The ratio of the fluorescence and excitation channels are read out by utilizing the logarithmic outputs of the DSP chips. Channels A and B denote the logarithm of the outputs from the fluorescence signal and the excitation signal, respectively. The difference of the two channels
thus, represents the logarithm of the ratio of fluorescence to the excitation signal. The difference of the two analog signals is implemented electronically using a unity gain difference amplifier circuit.
A variation on the total internal reflection fluorescence (TIRF) Instrument involves monitoring of the autocorrelation function of the fluorescence and scattering signals received from the TIRF using a fluorescence fluctuation technique.
In a preferred fluorescence instrument, a semiconductor diode laser is used to illuminate a shaped optical element. The fluorescence is generated from a fluorophore deposited within the evanescent field of the shaped optical element. The fluorescence go is excited using light in the wavelength range 635 nm to 1060 nm. The fluorescence is detected using an amplified photodiode. Preferably, there is a focusing lens between the laser and the shaped optical element. The shaped optical element may be a microscope slide. The shaped optical element may be a polymer formed by injection molding. The molded plastic has a scratch/dig of 60/40 or less. In a preferred form, the shaped optical element is polystyrene with a refractive index of 1.59. Preferably, the shaped optical element has beveled edges. The angle of the bevel is such that the normal to the bevel surface is 10 to 20 degrees from the angle of incidence of the diode laser beam. In one preferred embodiment, the normal to the bevel is in the plane of the shaped optical element. The bevel is formed by lithographic processing, or the bevel is formed by injection molding. The shaped optical element is reduced in plan area with distance from the bevel.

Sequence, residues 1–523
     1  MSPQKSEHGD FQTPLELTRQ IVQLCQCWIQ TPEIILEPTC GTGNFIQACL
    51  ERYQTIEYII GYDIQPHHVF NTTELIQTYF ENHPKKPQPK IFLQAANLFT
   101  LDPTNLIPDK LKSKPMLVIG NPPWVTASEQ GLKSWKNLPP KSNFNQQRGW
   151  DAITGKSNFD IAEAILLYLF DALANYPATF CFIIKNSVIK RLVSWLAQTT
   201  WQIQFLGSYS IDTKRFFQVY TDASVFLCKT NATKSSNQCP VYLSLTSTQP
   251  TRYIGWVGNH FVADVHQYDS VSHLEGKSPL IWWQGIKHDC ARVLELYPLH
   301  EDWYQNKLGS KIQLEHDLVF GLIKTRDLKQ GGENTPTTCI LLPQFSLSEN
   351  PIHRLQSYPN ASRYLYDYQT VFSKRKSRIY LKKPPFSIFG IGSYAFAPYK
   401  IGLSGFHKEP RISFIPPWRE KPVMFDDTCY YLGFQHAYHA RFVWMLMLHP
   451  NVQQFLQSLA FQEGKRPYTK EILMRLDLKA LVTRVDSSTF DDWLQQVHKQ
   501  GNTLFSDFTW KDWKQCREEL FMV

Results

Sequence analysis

Preferably, the shaped optical element forms one edge of a flow cell. The sample enters the flow cell and interacts with the fluorophore-polymer film deposited on the shaped optical element. When the sample is a liquid, after filtration it is brought to a vaporization chamber with inlet and outlet valves and a thin film heater. The valves are closed, and the sample is heated within the chamber to vaporization. The valve leading from the vaporization chamber to the flow cell is opened to allow the vapor within the chamber to expand and travel to the location of the fluorophore-polymer film. The vaporization chamber contains a provision for monitoring the sample temperature and pressure. Preferably, the vaporization chamber is less than 10 mm long and less than 500 microns wide and deep. The heating is performed rapidly, and the vaporization product is detected a specified amount of time after sample vaporization.
Preferably, the semiconductor diode laser is modulated. Preferably, the modulation frequency is 1 kHz. The output of the semiconductor laser is passed through a beam-splitter or line generator or holographic beam splitter. The beam is split into several nearly equal beams.